Some campuses release additional economic diversity data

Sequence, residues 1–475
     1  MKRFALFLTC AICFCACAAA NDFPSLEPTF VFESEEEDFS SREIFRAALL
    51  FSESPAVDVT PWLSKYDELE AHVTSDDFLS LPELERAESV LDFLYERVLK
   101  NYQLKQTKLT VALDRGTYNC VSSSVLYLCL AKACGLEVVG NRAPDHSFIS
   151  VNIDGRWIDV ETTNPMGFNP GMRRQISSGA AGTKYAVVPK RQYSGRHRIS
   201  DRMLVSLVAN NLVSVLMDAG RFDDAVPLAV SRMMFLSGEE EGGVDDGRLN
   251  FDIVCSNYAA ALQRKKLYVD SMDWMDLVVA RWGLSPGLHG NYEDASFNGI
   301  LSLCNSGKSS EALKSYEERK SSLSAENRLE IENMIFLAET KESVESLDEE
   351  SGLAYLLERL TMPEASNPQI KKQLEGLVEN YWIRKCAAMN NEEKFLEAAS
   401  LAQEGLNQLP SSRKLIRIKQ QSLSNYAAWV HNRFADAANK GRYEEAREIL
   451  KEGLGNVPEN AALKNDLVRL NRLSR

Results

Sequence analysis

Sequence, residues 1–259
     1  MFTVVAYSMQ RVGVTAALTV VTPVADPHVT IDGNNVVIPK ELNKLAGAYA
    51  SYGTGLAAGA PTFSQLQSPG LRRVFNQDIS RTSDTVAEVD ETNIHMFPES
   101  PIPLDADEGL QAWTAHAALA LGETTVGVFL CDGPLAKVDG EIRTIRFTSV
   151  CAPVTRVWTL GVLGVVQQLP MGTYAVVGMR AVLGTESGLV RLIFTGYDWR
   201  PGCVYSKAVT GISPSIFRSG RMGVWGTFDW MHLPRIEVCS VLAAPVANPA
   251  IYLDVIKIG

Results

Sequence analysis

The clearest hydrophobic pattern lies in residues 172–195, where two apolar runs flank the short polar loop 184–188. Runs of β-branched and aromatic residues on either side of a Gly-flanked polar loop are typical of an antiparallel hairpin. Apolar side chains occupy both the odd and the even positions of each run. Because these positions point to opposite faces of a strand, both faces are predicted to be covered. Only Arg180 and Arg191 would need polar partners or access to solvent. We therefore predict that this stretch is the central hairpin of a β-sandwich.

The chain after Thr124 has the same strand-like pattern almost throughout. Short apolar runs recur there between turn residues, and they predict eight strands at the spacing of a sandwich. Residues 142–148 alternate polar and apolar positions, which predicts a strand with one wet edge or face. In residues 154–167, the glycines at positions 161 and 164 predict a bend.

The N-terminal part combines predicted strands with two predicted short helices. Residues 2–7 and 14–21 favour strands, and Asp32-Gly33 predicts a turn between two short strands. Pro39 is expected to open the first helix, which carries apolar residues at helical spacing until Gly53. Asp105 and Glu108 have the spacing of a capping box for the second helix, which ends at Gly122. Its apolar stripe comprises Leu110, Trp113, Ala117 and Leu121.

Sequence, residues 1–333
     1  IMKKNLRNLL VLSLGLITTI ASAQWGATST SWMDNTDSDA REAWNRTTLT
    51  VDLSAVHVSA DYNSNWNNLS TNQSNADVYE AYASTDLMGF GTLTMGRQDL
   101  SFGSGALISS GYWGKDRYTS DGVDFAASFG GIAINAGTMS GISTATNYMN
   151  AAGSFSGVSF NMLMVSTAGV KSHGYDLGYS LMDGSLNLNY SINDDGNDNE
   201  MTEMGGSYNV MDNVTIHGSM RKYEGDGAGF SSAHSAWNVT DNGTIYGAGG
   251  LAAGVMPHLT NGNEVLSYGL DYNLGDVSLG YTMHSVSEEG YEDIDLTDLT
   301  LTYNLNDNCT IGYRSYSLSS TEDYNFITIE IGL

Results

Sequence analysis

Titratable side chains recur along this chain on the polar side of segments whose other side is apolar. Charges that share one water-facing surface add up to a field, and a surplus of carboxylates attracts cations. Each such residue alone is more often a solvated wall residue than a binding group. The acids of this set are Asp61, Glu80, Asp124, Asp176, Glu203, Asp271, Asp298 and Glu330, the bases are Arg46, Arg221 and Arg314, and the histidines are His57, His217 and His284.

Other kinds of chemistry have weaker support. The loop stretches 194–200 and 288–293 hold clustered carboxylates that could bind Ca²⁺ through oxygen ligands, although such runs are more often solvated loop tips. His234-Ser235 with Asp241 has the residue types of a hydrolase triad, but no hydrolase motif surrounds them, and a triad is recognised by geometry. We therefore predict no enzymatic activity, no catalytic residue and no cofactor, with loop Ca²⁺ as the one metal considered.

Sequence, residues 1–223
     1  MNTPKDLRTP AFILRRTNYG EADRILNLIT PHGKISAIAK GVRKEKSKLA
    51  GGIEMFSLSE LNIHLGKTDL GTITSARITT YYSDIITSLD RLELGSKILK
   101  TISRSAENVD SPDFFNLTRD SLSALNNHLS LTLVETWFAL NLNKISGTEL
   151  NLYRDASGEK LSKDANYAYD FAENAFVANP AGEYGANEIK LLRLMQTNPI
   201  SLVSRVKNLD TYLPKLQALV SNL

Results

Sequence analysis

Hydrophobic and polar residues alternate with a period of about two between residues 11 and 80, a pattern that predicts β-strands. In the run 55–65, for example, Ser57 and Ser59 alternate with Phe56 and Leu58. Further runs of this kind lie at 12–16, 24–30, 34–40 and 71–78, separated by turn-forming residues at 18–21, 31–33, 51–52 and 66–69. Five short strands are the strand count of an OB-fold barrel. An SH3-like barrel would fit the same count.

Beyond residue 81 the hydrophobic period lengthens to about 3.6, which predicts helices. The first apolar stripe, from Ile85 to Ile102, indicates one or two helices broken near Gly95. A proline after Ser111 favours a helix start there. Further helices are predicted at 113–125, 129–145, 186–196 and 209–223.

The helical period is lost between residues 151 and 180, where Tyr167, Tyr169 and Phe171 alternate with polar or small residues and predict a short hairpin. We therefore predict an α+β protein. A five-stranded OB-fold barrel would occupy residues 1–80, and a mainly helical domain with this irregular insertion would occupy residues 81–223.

Another source of useful data on college students' family income is the CIRP Freshman Survey, developed by the Higher Education Research Institute (HERI) at UCLA. Each year, colleges across the country administer the CIRP survey to their incoming freshmen, asking them about a range of topics, including family income. HERI compiles the responses into a national report. Each participating campus receives its own results along with comparisons to peer institutions. Campuses decide whether to make their own reports available, and some have done so. For example, Emory University has made selected findings from its 2005 survey available online. The report indicates that a majority of the students have parents with graduate degrees, and 39% report family incomes of more than $200,000, a larger proportion than peer institutions. In comparison, Northwestern University's report shows 30% of freshmen with family incomes above $200,000, and 63% above $100,000. Compare those figures with Census data showing that only 3.5% of families in the U.S. earn more than $200,000, and only 20% earn more than $100,000. Other campuses that have posted some or all of their Freshman Survey results are listed below. A note and link also appear on these campuses' institutional profiles at Full reports Berea College, 2004 Cornell University, multiple years Hampden-Sydney College, 2000 Indiana University of Pennsylvania, 2001 Iowa State University, 2003 Northwestern University, 2005 Purdue University, multiple years University of Minnesota, multiple years Executive summaries/partial data: Bryn Mawr College, 2004 (Full data for selected categories, not socio-economic) Calvin College, 2002 (executive summary, some socio-economic data) Case Western Reserve University, 2000 (one-page summary, no socio-economic data) Central Washington University, 1998 (summary, includes socio-economic data) Dartmouth College, 2003 (selected findings, summary of socio-economic data) East Texas Baptist University, 2002 (executive summary, sparse socio-economic details) Emory University, 2003 (selected findings, includes socio-economic data) Florida International University, 2000 (executive summary, some socio-economic data) Massachussets Institute of Technology, 1998 (selected findings, summary of socio-economic data) Montclair State Unversity, 1991 and 2001 (executive summary, some socio-economic data) Morningside College, 2004 (highlights in powerpoint presentation) Oklahoma State University, multiple years (selected findings, some socio-economic data) Oregon State University, 2002 (executive summary, sparse socio-economic data) Roanoke College, 2002 (some socio-economic data, all in percentages) Southwest Minnesota State University, 2003 (executive summary, some socio-economic data) Sweet Briar College, 2004 (summary, no socio-economic data) Texas State University at San Marcos, 2000 (summary, some socio-economic data) Texas Tech University, 2003 (executive summary, some socio-economic data) University of California at Santa Cruz, 2002 (executive summary, sparse socio-economic data) University of Idaho, 2002 (executive summary, some socio-economic data) University of North Carolina at Chapel Hill, 1999-2004 (summary graphs, some socio-economic data) University of North Dakota, 2002 (summary, no socio-economic data) University of South Carolina, 1999 (selected findings, includes socio-economic data) University of Wisconsin at Milwaukee, 2004 (executive summary, some socio-economic data) Want to know whether a particular campus has participated in the CIRP survey? See the list of CIRP participating campuses. If you know of a school not listed here whose CIRP data is public, please comment on this thread and post a link.

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